July 12, 2013

    United Parcel Service (UPS) shares fell 5.3% Friday morning after the world’s biggest package delivery company slashed its 2013 outlook, as a weakening U.S. economy weighed on second-quarter performance.

    The company said adjusted earnings are expected to fall to $1.13 a share in the second quarter. That would reflect the first quarterly earnings decline for UPS in more than three years.

    Profit for the full year is now projected to grow between 3% and 7%. UPS lowered its forecast for adjusted earnings to $4.65 and $4.85 a share, compared to its previous estimate of $4.80 to $5.06. Wall Street was looking for $4.98 a share.

    UPS and rival FedEx (FDX) are considered economic bellwethers since they ship goods worldwide. The companies are facing headwinds as consumers seek less expensive shipping options.

    “We expect the second quarter market trends to persist and UPS is adapting to meet these conditions,” UPS Chief Financial Officer Kurt Kuehn said in a statement.

    Shares were trading at $86.57, down $4.88. As of Thursday’s close, the stock was up 24%.

    FedEx also slipped Friday morning, as the shares fell 1.7% to $102.59.

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    Default Re: Financial Crisis - 2013 - ????


    June Restaurant Spending Plunges By Most Since February 2008

    July 18, 2013

    On one hand restaurants and bars have been a boon to the US economy. As first reported in June, and updated two weeks ago, America's waiters and bartenders (increasingly more of which are part-time) have made up a disproportionately large portion of job creation in the nation, rising by more than 50,000 on average each month in the last three, and hitting an all time high of 10.34 million workers in July, accounting for 9% of all private-sector payrolls. The surge was enough for Joel Naroff of Naroff Economic Advisors to conclude that "Apparently, people are eating out again like crazy." It turns out this conclusion was 100% wrong.

    According to this week's very weak retail sales report, Food-service sales fell 1.2% in June, the largest decline since February 2008 and the year over year change in "eating out" rose by just 3.1% - the lowest annual increase since June 2010. But at least all those empty restaurant seats have a record number of waiters catering to the non-existent clients which on the surface should mean the speediest service in history.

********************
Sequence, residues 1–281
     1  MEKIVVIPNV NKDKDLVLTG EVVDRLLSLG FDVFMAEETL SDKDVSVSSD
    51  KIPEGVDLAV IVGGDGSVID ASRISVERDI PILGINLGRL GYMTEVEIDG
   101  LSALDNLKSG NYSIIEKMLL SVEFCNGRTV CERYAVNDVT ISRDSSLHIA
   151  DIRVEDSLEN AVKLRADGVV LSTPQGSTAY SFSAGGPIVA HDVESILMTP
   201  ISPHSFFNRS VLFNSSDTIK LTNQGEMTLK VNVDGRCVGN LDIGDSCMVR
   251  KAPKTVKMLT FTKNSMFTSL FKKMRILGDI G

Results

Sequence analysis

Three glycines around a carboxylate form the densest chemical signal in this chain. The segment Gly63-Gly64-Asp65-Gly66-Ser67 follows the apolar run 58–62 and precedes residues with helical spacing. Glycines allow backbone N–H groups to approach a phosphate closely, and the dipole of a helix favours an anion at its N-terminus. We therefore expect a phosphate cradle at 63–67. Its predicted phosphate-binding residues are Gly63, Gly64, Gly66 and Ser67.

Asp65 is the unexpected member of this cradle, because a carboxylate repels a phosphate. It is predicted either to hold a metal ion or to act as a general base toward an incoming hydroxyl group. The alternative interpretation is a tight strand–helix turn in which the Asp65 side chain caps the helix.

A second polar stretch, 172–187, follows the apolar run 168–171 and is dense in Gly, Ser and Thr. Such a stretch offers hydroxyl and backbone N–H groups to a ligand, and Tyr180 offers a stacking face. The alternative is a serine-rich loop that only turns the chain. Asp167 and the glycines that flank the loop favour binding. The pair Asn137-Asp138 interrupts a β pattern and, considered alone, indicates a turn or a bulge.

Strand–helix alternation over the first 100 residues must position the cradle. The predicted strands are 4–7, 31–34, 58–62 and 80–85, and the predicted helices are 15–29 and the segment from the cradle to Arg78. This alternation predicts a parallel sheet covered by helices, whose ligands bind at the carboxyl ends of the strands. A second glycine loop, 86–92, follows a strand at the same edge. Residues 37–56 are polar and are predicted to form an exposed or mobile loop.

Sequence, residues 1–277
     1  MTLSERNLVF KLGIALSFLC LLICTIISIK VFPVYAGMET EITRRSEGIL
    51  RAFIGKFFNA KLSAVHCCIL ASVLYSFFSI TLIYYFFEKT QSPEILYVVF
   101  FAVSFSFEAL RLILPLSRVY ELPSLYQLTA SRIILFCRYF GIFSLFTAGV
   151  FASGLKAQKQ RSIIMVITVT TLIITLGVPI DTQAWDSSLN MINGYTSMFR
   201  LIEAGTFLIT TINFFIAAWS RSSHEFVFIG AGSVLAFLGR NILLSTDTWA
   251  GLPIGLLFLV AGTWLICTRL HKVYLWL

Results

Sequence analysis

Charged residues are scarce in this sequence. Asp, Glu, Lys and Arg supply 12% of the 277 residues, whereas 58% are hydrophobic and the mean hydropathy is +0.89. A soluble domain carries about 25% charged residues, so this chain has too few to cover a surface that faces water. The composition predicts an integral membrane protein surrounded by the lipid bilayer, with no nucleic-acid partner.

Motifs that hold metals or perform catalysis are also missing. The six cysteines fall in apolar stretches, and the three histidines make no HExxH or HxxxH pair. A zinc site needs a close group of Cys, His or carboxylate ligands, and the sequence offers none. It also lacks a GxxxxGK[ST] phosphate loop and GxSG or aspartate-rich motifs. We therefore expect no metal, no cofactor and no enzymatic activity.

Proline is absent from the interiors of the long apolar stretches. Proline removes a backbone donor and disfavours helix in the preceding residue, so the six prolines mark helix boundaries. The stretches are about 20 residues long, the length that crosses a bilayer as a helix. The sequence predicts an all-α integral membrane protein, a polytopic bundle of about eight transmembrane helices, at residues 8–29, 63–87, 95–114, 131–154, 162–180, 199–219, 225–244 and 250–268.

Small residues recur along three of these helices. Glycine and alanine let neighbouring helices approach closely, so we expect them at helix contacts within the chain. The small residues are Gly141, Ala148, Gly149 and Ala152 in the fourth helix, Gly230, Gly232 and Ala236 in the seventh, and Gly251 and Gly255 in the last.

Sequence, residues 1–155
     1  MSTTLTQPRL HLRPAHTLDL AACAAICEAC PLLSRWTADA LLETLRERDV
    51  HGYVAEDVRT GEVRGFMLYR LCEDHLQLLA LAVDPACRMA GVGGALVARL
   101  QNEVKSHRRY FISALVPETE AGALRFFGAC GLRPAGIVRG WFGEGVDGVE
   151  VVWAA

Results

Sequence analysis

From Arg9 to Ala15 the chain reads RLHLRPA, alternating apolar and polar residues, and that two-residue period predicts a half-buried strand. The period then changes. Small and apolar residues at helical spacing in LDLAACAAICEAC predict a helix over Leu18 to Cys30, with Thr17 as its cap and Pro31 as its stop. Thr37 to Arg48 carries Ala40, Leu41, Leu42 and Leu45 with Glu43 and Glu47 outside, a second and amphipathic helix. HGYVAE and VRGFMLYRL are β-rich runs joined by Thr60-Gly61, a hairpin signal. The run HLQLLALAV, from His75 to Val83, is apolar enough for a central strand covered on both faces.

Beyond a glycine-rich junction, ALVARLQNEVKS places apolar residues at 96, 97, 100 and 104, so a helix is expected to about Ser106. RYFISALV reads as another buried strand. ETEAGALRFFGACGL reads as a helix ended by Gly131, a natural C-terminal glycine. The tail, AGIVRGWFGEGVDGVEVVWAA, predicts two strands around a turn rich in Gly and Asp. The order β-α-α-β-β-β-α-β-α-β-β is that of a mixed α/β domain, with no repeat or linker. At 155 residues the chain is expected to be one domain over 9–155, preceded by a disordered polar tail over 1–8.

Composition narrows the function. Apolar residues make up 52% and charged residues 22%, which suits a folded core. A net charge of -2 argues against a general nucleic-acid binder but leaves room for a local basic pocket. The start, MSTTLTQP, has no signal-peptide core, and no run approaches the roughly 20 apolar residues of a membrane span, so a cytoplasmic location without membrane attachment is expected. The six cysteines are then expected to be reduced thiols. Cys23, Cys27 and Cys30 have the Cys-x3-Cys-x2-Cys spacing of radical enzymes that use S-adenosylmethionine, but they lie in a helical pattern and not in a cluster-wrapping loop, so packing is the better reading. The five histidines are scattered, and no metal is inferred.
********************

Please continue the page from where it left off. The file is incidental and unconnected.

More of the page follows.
The WSJ comments:


    Restaurants and bars account for only 11% of total retail sales. But spending at those locations is largely discretionary and could signal Americans’ confidence in the economy. Meals out can be skipped more easily than trips to the gasoline pump or grocery store.
    In other words, yet another example of "capital misallocation" where either restaurants are hiring record numbers of workers to cater to demand that just isn't there or the BLS is simply extrapolating payroll numbers based on historical trend averages and which reflect nothing but what some statistical model says the waiter and bartender jobs should be.

    Of course we all know that the reason Americans aren't eating out any more is simple: they are all staring at their E-trade trading portals, generating their own personal wealth effect.

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    Behold The Part-Time Worker Society: "We Won't Start Hiring Full-Time People"

    July 15, 2013

    Once again, as always happens with a very substantial delay, two themes that have been covered extensively on these pages in the past much to the ridicule of the mainstream media, namely that while the US may have "No Manufacturing Jobs But More Waiters And Bartenders Than Ever" and that Obamacare has finally struck as "Part-Time Jobs Surge To All Time High; Full-Time Jobs Plunge By 240,000" are now begrudgingly covered and in fact, endorsed, by the very same MSM.

    Enter the Wall Street Journal which blends the two themes well known to our readers, and writes that "More Restaurants Replace Full-Timers, Concerned About Insurance."

    To wit: "Ken Adams has been turning to more part-time workers at his 10 Subway sandwich shops in Michigan to avoid possibly incurring higher health-care costs under the new federal insurance law. He added approximately 25 part-time workers in May and June as he reduced some employees' hours and replaced other workers who left. The move showed how efforts by some restaurant owners and other businesses to remake their workforces because of the Affordable Care Act may be turning the country's labor market into a more part-time workforce." In other words, the already worst paying jobs in the US are getting even more of the shaft, downgraded from full time to part time status. Precisely the New "part-time worker society" that we predicted would happen back in 2010...




    From the WSJ for those who are still unfamiliar:


    Restaurants and bars have been adding an average of 50,000 jobs monthly since April—about double the rate from 2012. In June, they added a seasonally adjusted 51,700 jobs, up from May's 47,900 tally, but below April's 51,800. Overall, leisure-and-hospitality establishments hired more workers than any other industry in June, accounting for 75,000 of the 195,000 jobs added last month, according to the most recent Labor Department report, although economists cautioned against reading too much into one month's preliminary figures.

    Views differ on exactly what is driving the hospitality industry's pickup. Other factors likely also were behind it, including the addition of new restaurants as well as a move to staff up hiring after scaling back during the downturn, according to some restaurant owners and industry experts. But a number of restaurants and other low-wage employers say they are increasing their staffs by hiring more part-time workers to reduce reliance on full-timers before the health-care law takes effect.